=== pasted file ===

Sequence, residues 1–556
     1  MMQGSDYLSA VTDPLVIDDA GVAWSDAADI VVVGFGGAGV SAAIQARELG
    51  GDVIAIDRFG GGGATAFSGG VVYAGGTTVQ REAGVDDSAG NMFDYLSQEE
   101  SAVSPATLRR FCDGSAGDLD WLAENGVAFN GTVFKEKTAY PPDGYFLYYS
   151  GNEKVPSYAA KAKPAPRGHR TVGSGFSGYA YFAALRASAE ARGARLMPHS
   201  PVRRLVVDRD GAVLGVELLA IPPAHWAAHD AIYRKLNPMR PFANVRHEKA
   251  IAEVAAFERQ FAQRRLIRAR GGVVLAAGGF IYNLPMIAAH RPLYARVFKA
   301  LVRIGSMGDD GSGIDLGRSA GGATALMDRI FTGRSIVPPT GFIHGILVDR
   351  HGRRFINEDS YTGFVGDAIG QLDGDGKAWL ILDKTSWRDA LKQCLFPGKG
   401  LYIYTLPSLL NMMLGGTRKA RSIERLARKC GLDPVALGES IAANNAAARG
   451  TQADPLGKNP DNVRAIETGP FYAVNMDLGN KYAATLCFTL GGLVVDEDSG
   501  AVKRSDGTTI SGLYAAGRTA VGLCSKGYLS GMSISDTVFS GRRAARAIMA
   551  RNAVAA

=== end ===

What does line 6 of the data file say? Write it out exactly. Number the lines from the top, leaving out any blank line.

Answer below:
   201  PVRRLVVDRD GAVLGVELLA IPPAHWAAHD AIYRKLNPMR PFANVRHEKA